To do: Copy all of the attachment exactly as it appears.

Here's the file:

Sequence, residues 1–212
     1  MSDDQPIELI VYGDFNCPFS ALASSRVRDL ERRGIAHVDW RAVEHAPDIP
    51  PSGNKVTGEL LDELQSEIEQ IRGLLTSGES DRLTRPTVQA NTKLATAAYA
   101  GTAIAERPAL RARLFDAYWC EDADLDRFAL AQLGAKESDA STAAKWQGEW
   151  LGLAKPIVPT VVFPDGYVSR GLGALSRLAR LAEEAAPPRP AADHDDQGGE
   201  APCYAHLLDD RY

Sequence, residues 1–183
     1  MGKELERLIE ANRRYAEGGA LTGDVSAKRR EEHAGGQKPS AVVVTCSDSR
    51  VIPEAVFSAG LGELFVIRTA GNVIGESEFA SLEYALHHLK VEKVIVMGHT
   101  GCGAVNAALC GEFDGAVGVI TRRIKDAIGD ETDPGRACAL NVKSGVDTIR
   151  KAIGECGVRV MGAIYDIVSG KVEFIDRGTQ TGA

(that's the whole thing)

Sequence, residues 1–212
     1  MSDDQPIELI VYGDFNCPFS ALASSRVRDL ERRGIAHVDW RAVEHAPDIP
    51  PSGNKVTGEL LDELQSEIEQ IRGLLTSGES DRLTRPTVQA NTKLATAAYA
   101  GTAIAERPAL RARLFDAYWC EDADLDRFAL AQLGAKESDA STAAKWQGEW
   151  LGLAKPIVPT VVFPDGYVSR GLGALSRLAR LAEEAAPPRP AADHDDQGGE
   201  APCYAHLLDD RY

Sequence, residues 1–183
     1  MGKELERLIE ANRRYAEGGA LTGDVSAKRR EEHAGGQKPS AVVVTCSDSR
    51  VIPEAVFSAG LGELFVIRTA GNVIGESEFA SLEYALHHLK VEKVIVMGHT
   101  GCGAVNAALC GEFDGAVGVI TRRIKDAIGD ETDPGRACAL NVKSGVDTIR
   151  KAIGECGVRV MGAIYDIVSG KVEFIDRGTQ TGA